there were any threats on his life?
(Diana) I really don’t know, and I forgot to check
in my father’s autobiography.
I don’t think he did until after Hitler came to power.
That was a big change then, and I think he
felt that they really possibly could do it,
but my father was kind of, like Ralph, a little
bit fearless, and not inclined to worry about
things like that.
He was just going to do what he needed to do,
and that’s why you’ll get to the issue—on
your question, on your tape.
(interviewer) What do you recall about leaving Germany?
How did that all come about for you?
(Diana) For me, it was Germany.
I mean, we were just leaving Germany, and
so, we were packing—and I was just a child,
tagging around, trying to pack up my dolls,
or something—although I didn’t have any dolls.
I didn’t like dolls. My mother’s job was to pack up.
My father had to leave from one day to the next,
so he hadn’t done anything about packing.
It was easy. It was not hard.
We were going to Japan, and so, everything was
packed up and shipped to Japan—the furniture,
and the trunks—everything.
Anyway—no, it was not hard.
It was just life—a new life.
(interviewer) You’ve told me a lot about that period where
your father was getting more and more
evidence of threats against his life.
I think that’s interesting.
(Diana) Well, I think he realized that they really
were serious about threatening him.
I’m not sure I saw real evidence about whether he did.
He was probably being followed—I don’t
remember whether—I’m sorry, I don’t
really remember what you’re referring to, honey.
(interviewer) What you were aware of—he let you know about
feeling a threat.
(Diana) About what?
(interviewer) The threat that was against him.
Obviously, he had—he had moments
with the—the ministers in France.
I mean, in Germany.
(Diana) Yes.
(interviewer) He was warned.
(Diana) He was warned, absolutely.
There were two stages—they got—Goebbels
called him in and said, “We really can’t
go on doing this.
We cannot go on writing like this.”
And the first thing he wanted to do is resign
from being president of the Foreign Press Association,
and my father said—when he
thought about it, he said, “I will resign
on one condition.
That you release—immediately release” this
German journalist, whose name I do not remember.
He was a little bit of an older journalist
with the family, who had been dragged away
in the middle of the night.
And so, my father got them to promise to release
him and his family, and allow them to leave
Germany, and the man did go to live
in Paris for the rest of his life.
He survived, and—and so—but my father went on writing.
He gave in to their request that he—that he
not be president, but he went on writing.
So, Goebbels called him in again, and I think
it was about two months later, and said, “Mr.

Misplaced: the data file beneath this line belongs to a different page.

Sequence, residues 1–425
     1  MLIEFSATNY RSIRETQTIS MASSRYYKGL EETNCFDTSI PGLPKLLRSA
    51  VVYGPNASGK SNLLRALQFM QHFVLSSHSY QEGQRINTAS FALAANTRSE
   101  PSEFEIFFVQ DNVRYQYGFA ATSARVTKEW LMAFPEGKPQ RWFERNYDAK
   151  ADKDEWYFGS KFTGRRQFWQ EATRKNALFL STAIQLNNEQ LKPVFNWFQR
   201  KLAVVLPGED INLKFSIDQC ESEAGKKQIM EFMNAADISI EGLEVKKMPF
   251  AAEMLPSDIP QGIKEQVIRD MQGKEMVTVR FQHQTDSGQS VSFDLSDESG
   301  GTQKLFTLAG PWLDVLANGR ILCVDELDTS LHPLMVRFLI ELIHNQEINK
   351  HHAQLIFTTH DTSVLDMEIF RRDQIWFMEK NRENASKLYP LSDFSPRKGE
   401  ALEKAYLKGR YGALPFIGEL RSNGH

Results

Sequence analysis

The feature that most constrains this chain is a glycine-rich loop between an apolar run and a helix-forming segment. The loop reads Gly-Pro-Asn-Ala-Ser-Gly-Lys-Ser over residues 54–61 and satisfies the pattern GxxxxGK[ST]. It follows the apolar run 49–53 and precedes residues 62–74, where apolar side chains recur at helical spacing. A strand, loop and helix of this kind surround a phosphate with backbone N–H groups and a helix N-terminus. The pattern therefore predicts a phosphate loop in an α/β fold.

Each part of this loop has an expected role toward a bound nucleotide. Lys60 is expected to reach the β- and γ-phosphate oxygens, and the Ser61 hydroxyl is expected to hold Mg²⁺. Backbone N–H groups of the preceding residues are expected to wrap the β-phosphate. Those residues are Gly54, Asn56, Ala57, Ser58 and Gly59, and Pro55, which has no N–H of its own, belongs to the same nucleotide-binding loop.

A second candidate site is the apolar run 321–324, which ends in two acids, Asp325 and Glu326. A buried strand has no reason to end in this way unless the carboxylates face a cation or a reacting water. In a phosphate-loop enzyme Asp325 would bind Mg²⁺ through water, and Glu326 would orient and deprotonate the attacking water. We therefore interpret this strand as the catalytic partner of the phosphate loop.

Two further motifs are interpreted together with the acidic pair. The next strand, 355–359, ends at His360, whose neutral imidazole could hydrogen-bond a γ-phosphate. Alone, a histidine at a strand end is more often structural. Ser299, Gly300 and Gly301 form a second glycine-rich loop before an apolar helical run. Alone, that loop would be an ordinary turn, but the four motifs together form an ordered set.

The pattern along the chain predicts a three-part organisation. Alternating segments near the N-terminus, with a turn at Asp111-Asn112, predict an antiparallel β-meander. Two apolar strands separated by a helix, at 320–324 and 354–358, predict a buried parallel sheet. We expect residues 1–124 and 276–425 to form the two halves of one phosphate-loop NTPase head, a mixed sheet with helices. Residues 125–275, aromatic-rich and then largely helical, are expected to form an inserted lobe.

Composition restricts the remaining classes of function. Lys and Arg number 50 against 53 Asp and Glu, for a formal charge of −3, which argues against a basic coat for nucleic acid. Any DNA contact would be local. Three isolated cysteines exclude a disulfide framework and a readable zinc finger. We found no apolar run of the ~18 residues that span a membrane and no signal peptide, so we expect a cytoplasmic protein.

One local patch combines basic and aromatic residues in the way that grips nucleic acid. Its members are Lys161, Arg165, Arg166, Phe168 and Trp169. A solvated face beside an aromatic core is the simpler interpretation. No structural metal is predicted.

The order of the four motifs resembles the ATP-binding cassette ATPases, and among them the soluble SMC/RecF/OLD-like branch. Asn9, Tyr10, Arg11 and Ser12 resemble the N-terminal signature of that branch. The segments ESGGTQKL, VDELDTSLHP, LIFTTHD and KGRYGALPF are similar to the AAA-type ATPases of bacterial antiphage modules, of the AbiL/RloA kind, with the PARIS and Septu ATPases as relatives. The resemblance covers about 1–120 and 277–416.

Mowrer, you’ve got to stop this, otherwise,
we’re no longer responsible for his life—we
can no longer be responsible for your life.”
And so, that’s when things got really serious,
and he realized he had to make a decision
on what he was going to do.
And Knox, who was the publisher of the paper,
happened to be involved in that decision,
personally, saying he really urged him—urging
him to leave, and assigning him to a new post
in—in Japan.
(interviewer) Did Frank Knox order him to leave?
(Diana) I don’t remember.
Of course, he’d say, “You’ve got to get out, Edgar.
Just get out.
Forget your work here.
Just get out.”
(interviewer) Being a young girl, were you ever—were you
ever concerned for your father’s safety
at any point, or did it just not occur to you?
(Diana) I really don’t remember exactly how I felt.
I felt, at times, very apprehensive about
this whole terrible upheaval on every—every
angle of my life.
And so—but I don’t think—I don’t
remember being terrified to that degree.
I probably didn’t understand the full impact of this at all.
That’s my guess—I don’t really remember.
(interviewer) Did you have any feeling that your mother
was apprehensive, or—
(Diana) I’m sure she was petrified.
But my mother was an actress.
My mother was a very good actress, so she
always had everything under control by acting
out the right thing, so I’m sure she protected
me—was always putting on a good—a good front.
(interviewer) You’d mentioned something earlier—you
said, in school, there were kids that were
being ostracized from the other—from the other kids.
Do you remember any specific incidences where
maybe Jewish kids were singled out, or beaten
up by the teachers, even?
(Diana) Well, I can remember it happening several times.
As I was saying, in the playground, where
I’d find a child I used to play with, or
was going to play with, and she’d
be off in the corner, crying.
I’d say, “What’s wrong?”
And she would say, “They won’t play with me.”
And I’d say, “Why?”
And they’d say—they’d say, “I’m Jewish.”
That happened several times during that
period, and then, also, the “Social democrat”
phrase, I remember distinctly, coming up
several times they wouldn’t play with her.
And then, when the Hitler Jugend had really
taken over, I would find myself talking to
different kids—more boys for this kind of
talk—conversation, because they would start
telling me about what they were doing, and
so on, and they got very lengthy in their
stories about how they were—singled out
somebody, and they were going to get them,
and they were pursuing him—they had it all planned.
I was kind of mesmerized.
I didn’t know what the heck he was talking